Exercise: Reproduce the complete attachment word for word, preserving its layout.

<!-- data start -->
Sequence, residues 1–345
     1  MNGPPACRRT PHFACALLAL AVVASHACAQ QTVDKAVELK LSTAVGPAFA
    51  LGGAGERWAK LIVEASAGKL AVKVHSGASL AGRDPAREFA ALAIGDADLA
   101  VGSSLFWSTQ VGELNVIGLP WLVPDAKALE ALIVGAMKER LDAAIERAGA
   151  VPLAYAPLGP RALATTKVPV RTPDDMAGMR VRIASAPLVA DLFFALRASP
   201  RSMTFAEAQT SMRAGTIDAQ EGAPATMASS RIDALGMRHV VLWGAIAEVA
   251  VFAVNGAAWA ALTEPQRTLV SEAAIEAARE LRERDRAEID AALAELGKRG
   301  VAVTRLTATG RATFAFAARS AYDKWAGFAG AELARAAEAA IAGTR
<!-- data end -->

Sequence, residues 1–345
     1  MNGPPACRRT PHFACALLAL AVVASHACAQ QTVDKAVELK LSTAVGPAFA
    51  LGGAGERWAK LIVEASAGKL AVKVHSGASL AGRDPAREFA ALAIGDADLA
   101  VGSSLFWSTQ VGELNVIGLP WLVPDAKALE ALIVGAMKER LDAAIERAGA
   151  VPLAYAPLGP RALATTKVPV RTPDDMAGMR VRIASAPLVA DLFFALRASP
   201  RSMTFAEAQT SMRAGTIDAQ EGAPATMASS RIDALGMRHV VLWGAIAEVA
   251  VFAVNGAAWA ALTEPQRTLV SEAAIEAARE LRERDRAEID AALAELGKRG
   301  VAVTRLTATG RATFAFAARS AYDKWAGFAG AELARAAEAA IAGTR